Patrick Fischer Mechanical Engineering PhD Comprehensive Exam Presentation
- Wednesday, September 2, 2020 at 12:00pm
- Via WebEx; Meeting number (access code): 138 626 5417 Meeting password: iTyNriGX482
The Impacts of Cognitive-Motor Function on Anterior Cruciate Ligament Injury Relevant Movement in At-Risk Populations
Non-contact anterior cruciate ligament (ACL) injuries continue to plague athletic populations. The injury’s short- and long-term consequences pose serious challenges to maintaining a healthy lifestyle after the injury and place an immense economic burden on the injured. Non-contact ACL injury risk is tied to cognitive ability, and a growing body of literature supports the notion that cognitive ability is associated with an athlete’s susceptibility to changes in neuromuscular control, the automatic response of the body to stabilize itself under load, during sport-specific movements where attention is divided. This body of literature is underdeveloped, however, and more research is needed to expand the understanding of what cognitive processes influence neuromuscular control during these movements.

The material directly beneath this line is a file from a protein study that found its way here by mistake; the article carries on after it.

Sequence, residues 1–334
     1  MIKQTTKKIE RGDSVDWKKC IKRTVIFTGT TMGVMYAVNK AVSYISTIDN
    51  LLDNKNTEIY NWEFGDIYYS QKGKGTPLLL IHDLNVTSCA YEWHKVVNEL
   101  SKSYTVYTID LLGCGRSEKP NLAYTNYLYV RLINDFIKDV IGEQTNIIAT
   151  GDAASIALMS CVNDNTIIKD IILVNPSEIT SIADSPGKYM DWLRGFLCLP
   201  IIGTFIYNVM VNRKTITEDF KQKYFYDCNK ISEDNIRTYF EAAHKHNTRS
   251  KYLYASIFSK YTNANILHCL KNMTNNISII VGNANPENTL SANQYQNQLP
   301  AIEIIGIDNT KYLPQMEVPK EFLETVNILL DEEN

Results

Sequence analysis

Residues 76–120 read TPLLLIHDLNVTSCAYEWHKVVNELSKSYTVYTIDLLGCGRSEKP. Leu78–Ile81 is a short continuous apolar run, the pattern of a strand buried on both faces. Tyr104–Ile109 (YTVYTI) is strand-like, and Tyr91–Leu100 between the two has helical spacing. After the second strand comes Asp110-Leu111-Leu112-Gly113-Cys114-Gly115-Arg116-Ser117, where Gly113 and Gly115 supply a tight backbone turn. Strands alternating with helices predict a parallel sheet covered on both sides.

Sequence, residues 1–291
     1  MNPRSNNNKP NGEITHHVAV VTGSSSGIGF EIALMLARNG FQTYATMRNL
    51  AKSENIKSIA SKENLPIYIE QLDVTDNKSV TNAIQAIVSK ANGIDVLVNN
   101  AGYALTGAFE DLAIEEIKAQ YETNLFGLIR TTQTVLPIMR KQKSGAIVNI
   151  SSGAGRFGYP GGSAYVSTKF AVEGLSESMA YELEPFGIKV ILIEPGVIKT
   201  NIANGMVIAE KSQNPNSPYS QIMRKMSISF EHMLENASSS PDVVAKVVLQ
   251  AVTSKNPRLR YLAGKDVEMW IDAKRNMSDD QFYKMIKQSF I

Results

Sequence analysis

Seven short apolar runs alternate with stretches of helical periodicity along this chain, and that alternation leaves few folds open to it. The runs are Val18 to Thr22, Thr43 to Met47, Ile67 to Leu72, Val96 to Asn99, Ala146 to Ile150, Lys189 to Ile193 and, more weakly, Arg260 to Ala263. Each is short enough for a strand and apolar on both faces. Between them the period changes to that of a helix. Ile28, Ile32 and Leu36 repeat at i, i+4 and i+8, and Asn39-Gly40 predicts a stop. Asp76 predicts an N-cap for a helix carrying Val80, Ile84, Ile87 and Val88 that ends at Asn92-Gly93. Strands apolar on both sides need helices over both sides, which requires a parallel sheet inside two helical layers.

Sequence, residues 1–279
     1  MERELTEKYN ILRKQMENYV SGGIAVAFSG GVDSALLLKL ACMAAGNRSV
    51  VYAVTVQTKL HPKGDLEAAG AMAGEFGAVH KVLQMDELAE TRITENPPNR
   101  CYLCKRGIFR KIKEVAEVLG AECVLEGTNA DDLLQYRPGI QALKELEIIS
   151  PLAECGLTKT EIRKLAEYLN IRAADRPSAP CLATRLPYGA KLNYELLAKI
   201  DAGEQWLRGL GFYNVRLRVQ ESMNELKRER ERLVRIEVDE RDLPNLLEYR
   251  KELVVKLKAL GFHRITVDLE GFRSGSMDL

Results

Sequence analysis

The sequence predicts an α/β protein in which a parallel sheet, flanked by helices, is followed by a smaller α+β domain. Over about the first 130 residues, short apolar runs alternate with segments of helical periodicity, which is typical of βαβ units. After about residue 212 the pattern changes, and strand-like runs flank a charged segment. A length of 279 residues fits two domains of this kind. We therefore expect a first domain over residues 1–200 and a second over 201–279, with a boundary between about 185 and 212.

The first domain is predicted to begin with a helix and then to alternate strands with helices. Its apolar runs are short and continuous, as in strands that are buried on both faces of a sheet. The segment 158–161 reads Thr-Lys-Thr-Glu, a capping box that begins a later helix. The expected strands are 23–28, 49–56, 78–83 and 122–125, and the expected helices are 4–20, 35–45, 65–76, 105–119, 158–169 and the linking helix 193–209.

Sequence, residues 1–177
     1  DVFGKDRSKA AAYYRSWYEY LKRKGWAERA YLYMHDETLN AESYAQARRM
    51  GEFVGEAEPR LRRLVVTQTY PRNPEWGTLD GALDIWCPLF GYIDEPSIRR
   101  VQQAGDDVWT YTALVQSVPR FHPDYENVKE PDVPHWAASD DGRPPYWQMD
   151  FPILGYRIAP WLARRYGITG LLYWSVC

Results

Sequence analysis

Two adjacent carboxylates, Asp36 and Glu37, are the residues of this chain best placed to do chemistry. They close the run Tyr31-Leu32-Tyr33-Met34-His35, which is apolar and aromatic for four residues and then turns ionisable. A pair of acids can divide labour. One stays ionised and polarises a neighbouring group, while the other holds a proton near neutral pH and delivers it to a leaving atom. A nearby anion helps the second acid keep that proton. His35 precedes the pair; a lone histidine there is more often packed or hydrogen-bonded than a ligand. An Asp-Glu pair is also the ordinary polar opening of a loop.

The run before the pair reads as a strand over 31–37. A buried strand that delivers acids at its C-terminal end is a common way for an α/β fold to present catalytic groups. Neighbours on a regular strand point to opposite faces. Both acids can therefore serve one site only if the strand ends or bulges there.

The research presented at this exam seeks to expand the current understanding of how cognitive ability is tied to athletes’ susceptibility to neuromuscular control changes during distracted sport-specific movements. Using state-of-the-art motion capture technology, we compared the knee mechanics of a cohort of healthy female athletes performing distracted and distraction-free sport-specific movements. Preliminary results support the notion that cognitive function is tied to subject-specific changes in neuromuscular control at the knee during distracted movement performance. Preliminary results also identify captured visual attention as a potential factor in neuromuscular control changes between distracted and distraction-free movement performance, motivating the need to investigate captured visual attention effects in isolation as well as in tandem with more traditional dual-task modalities. To that end, we propose a follow-up study to decouple the subject-specific and group effects of captured visual attention on neuromuscular control at the knee. The long-term outcome of this work will be an improved understanding of how cognitive function relates to neuromuscular control, leading to improved ACL injury prevention and screening protocols.
- Department of Mechanical & Industrial Engineering